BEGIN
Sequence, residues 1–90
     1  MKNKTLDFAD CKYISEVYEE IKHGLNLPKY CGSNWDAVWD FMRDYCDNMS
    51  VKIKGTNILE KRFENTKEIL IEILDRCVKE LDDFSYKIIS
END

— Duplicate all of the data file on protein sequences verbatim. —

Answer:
Sequence, residues 1–90
     1  MKNKTLDFAD CKYISEVYEE IKHGLNLPKY CGSNWDAVWD FMRDYCDNMS
    51  VKIKGTNILE KRFENTKEIL IEILDRCVKE LDDFSYKIIS